Stephanie Crumley-Effinger was “recorded” as a minister in Indiana Yearly Meeting in 1982. We talked with her about the recording process, and what she’s learned about Quaker ministry since.
Quaker artist Joey Hartmann-Dow connects with those she disagrees with by looking to the one thing we all have in common: we are humans.
Quaker painter Adrian Martinez works in solitude yet craves the communal silence of Quaker worship. We talk with him about art, spirituality, and how a poor kid from D.C. wound up painting for U.S. presidents.
After 25 years as a computer programmer, Mark Helpsmeet realized in 2005 that it wasn’t what he felt called to do. With help from his Quaker community, he discovered he was led to start a radio show on a small local station. Today his show Northern Spirit Radio is broadcast on over 32 stations nationwide.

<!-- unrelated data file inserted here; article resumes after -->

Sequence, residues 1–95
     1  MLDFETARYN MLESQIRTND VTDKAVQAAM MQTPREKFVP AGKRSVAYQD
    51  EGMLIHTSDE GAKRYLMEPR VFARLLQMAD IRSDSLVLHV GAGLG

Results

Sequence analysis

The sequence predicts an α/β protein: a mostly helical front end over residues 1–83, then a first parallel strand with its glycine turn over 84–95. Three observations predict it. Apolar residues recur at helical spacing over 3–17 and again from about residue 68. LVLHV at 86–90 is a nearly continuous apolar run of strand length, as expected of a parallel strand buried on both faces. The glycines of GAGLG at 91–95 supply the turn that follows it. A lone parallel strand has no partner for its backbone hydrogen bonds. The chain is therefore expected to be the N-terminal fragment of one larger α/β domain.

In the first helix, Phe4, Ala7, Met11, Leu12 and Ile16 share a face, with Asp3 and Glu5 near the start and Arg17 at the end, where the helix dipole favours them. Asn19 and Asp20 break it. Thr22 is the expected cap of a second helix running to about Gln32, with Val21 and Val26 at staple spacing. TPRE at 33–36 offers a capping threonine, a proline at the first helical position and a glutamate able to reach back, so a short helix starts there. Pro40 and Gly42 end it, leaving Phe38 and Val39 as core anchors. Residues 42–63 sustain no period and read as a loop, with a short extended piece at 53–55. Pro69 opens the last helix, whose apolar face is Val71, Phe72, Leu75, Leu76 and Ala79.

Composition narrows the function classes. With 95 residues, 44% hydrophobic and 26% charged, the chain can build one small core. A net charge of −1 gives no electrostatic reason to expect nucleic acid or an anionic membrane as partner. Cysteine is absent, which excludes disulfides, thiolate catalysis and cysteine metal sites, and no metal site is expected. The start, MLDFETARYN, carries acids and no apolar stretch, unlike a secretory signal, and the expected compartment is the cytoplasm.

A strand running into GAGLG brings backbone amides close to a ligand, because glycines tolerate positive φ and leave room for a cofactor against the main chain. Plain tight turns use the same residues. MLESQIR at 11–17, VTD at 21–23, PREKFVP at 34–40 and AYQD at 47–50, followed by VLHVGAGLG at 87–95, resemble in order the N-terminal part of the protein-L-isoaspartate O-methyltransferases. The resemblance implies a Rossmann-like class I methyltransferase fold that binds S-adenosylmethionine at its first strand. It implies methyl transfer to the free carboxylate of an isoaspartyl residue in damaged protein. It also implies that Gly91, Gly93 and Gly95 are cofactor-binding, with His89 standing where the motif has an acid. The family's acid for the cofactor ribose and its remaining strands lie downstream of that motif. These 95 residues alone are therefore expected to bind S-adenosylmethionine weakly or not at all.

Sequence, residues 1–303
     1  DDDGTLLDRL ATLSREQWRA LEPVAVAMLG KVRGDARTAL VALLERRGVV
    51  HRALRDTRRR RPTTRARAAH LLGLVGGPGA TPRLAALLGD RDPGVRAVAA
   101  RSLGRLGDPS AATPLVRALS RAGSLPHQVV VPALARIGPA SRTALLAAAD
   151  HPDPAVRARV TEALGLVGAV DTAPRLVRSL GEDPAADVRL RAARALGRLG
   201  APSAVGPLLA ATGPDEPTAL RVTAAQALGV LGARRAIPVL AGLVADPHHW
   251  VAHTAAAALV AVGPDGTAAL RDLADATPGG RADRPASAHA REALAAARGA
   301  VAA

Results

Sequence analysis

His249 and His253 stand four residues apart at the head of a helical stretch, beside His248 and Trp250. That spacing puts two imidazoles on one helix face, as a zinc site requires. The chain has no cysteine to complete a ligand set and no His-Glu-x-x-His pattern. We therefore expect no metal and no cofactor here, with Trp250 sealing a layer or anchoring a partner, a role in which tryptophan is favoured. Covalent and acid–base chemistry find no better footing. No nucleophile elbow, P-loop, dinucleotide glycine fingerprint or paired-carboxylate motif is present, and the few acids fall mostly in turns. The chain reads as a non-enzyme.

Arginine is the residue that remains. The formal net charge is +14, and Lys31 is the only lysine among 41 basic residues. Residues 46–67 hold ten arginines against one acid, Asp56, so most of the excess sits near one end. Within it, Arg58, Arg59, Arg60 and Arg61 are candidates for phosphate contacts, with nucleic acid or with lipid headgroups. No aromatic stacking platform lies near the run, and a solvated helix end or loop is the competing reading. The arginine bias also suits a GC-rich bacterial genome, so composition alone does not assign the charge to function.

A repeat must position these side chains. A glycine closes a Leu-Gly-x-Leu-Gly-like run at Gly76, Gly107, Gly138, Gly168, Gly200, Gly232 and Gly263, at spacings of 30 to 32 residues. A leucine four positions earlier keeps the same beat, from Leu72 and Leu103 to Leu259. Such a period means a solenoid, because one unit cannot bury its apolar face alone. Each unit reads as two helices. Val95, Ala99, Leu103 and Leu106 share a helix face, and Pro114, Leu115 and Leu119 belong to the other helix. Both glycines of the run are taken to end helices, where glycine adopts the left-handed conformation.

Greg Williams brings a spiritual presence into activist circles. We talked with him about Black Lives Matter and the Quaker legacy of nonviolent activism.
Environmental sustainability is a global concern. How do Quakers approach this work? We talked with two Friends who have collaborated with Quakers from around the world to answer this question.
While Quakers believe that we all can be ministers, some are given leadings to commit themselves to ministries deeper and farther afield. How do meetings help discern and support these leadings?
Not every Quaker meeting has a paid pastor, but some have found it helpful. Margaret Webb, pastor of New Garden Meeting in North Carolina, explains her role.
Being opposed to war doesn’t mean that Quakers aren’t supportive of soldiers. As Lenore Yarger puts it, “military members are also victims of war in their own way.”
Peterson Toscano tried everything he could to “cure” himself of being gay. Then he discovered Quakers. Now he travels the country telling his story.